Vicksburg Herald, October 22, 1884

Vicksburg Herald, October 22, 1884


John D. Webster, of Washington county, one of the most active and intelligent colored Republicans in the State of Mississippi, is working earnestly for the election of Hon. Thomas C. Catchings. He knows that Mr. Catchings is an intellectual, cultivated and honorable gentleman, thoroughly informed as to the needs of the District, capable of representing the people with ability and efficiency, and is besides familiar with public affairs in which he has had large experience. On the contrary he knows, that Pearce is profoundly ignorant, impudent and vain glorious, and is without a single qualification as the Representative of the District in Congress. The following from the Greenville Times explains the position of Jno. D. Webster, the ablest colored man in the District:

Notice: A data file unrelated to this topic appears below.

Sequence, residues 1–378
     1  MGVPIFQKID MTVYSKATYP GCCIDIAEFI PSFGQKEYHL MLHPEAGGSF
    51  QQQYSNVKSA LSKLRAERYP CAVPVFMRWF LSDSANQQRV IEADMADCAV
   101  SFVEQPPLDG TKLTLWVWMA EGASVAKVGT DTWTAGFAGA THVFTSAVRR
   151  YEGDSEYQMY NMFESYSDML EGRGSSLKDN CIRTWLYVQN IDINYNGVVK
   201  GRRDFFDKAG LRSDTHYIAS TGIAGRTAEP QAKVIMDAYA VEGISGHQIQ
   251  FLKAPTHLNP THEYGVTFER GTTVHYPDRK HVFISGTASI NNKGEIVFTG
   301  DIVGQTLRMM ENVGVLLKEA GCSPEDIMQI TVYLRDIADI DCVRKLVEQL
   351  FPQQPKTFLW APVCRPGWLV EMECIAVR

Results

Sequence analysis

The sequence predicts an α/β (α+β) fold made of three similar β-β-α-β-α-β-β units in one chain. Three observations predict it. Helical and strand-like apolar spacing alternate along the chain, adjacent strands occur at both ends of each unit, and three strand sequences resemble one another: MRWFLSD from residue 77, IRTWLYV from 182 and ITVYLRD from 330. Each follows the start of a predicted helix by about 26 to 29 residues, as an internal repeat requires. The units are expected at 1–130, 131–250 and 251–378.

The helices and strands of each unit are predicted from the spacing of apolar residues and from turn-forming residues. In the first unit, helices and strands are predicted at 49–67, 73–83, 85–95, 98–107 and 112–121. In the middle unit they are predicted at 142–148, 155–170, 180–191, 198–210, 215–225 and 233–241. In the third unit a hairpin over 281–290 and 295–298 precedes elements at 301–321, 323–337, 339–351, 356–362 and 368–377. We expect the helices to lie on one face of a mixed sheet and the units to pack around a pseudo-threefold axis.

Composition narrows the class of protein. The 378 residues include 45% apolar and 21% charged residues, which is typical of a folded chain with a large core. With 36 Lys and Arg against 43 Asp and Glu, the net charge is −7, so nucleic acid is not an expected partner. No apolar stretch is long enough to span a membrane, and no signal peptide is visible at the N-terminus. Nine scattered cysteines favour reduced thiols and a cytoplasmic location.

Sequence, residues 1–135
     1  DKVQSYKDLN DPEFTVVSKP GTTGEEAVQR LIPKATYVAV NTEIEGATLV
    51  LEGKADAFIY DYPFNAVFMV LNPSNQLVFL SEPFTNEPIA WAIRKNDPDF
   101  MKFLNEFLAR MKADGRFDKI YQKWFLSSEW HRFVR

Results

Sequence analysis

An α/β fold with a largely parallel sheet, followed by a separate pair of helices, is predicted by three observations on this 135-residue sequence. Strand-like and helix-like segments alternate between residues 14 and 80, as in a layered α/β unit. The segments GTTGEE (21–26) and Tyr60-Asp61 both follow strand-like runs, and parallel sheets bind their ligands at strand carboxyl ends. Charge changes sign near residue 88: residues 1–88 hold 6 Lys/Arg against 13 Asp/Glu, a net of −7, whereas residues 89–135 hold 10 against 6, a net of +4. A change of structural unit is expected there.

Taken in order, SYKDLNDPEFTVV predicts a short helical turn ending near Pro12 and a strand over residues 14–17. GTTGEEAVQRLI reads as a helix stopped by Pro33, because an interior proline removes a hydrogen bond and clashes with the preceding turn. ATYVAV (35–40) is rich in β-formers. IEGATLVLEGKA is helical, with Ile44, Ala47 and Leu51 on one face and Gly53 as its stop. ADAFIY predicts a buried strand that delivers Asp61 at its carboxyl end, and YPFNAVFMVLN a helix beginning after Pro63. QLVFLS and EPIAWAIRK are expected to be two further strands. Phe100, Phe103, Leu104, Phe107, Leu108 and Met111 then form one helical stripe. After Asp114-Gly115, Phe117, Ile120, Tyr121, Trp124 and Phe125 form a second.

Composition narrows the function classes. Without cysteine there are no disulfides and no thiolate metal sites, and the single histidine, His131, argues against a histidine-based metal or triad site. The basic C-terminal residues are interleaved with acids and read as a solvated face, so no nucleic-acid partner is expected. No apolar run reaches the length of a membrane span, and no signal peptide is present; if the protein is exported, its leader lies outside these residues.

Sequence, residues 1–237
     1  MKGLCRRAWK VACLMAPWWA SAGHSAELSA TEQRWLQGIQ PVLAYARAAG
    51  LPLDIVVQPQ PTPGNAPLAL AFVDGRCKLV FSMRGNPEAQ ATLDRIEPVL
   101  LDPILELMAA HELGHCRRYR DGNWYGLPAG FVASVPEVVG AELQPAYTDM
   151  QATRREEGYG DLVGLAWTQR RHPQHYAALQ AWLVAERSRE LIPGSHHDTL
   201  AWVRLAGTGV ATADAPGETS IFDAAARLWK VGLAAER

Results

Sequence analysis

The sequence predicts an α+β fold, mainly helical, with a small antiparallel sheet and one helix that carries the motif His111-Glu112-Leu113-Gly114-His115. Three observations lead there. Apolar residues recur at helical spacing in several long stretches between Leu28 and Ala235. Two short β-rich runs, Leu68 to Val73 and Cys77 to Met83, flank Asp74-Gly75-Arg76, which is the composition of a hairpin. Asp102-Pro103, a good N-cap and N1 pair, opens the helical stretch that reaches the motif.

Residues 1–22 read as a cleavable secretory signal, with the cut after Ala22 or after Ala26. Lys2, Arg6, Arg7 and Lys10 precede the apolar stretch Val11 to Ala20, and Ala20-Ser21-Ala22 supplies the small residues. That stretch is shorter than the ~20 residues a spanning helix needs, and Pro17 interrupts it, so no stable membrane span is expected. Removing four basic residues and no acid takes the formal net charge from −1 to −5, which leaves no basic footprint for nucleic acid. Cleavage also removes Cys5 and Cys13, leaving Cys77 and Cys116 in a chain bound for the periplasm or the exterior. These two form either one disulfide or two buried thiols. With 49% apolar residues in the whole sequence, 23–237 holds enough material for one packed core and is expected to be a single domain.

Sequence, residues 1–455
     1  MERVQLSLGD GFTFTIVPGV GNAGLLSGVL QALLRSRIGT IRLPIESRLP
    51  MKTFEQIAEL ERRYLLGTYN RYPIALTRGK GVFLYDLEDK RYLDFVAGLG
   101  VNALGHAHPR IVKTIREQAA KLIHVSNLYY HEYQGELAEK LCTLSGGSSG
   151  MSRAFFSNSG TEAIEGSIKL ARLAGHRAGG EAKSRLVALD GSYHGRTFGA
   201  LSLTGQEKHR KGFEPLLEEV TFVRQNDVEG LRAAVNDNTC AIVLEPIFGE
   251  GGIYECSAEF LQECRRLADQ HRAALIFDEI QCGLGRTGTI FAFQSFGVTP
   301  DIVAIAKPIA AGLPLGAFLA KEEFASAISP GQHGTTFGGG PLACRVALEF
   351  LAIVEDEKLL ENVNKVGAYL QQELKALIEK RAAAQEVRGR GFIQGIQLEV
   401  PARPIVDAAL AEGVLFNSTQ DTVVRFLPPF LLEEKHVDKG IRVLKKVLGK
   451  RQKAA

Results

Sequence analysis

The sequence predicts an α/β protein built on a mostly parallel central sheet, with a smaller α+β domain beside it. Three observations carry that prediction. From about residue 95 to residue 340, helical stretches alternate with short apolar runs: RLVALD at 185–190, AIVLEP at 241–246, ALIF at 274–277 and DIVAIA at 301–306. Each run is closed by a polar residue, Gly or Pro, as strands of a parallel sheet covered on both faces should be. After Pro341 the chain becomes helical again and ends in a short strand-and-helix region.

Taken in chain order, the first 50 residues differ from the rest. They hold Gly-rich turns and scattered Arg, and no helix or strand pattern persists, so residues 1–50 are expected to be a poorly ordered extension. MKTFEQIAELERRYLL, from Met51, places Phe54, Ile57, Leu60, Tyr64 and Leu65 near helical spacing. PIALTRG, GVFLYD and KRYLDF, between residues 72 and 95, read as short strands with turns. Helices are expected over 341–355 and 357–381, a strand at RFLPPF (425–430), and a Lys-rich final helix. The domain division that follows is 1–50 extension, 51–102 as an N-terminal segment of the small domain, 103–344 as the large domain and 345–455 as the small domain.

The Greenville Cleveland and Hendricks and Catchings club met at the opera-hall on Tuesday night last, mainly to make preparations for the reception of Messrs. Money and Catchings. Several names, black and white, were added to the roll of members.

J. D. Webster briefly addressed the club, in explanation of his motives for enrolling himself, though favoring the National Republican ticket, as a supporter of Gen. Catchings. He asserted that it would be a great and special pleasure for him to vote for a Republican and of his own race for Congress, were there one offering who possessed proper qualifications. But, that Pearce was neither worthy of the votes of the people by reasons of capacity or interest. That he owned not one dollar of property in the district, nor did he in truth and reality live here. Hence he could not vote for him; and he averred that nine-tenths of the colored people were opposed to him.

The club will meet again on Wednesday, the 22d inst.

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